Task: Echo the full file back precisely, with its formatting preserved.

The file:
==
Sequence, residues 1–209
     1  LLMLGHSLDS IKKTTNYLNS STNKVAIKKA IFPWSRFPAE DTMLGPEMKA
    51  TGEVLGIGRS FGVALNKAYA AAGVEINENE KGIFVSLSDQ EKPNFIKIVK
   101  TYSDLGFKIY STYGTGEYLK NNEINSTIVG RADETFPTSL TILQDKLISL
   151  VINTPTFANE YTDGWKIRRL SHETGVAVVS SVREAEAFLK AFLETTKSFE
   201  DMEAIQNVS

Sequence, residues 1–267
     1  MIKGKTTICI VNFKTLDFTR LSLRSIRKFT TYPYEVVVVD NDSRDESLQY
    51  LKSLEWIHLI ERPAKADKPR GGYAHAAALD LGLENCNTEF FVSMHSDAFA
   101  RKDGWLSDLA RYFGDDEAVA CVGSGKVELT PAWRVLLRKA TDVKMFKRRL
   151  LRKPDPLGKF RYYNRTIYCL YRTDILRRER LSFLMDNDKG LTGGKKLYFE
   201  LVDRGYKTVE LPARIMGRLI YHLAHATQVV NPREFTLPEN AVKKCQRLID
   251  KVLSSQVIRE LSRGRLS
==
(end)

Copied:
Sequence, residues 1–209
     1  LLMLGHSLDS IKKTTNYLNS STNKVAIKKA IFPWSRFPAE DTMLGPEMKA
    51  TGEVLGIGRS FGVALNKAYA AAGVEINENE KGIFVSLSDQ EKPNFIKIVK
   101  TYSDLGFKIY STYGTGEYLK NNEINSTIVG RADETFPTSL TILQDKLISL
   151  VINTPTFANE YTDGWKIRRL SHETGVAVVS SVREAEAFLK AFLETTKSFE
   201  DMEAIQNVS

Sequence, residues 1–267
     1  MIKGKTTICI VNFKTLDFTR LSLRSIRKFT TYPYEVVVVD NDSRDESLQY
    51  LKSLEWIHLI ERPAKADKPR GGYAHAAALD LGLENCNTEF FVSMHSDAFA
   101  RKDGWLSDLA RYFGDDEAVA CVGSGKVELT PAWRVLLRKA TDVKMFKRRL
   151  LRKPDPLGKF RYYNRTIYCL YRTDILRRER LSFLMDNDKG LTGGKKLYFE
   201  LVDRGYKTVE LPARIMGRLI YHLAHATQVV NPREFTLPEN AVKKCQRLID
   251  KVLSSQVIRE LSRGRLS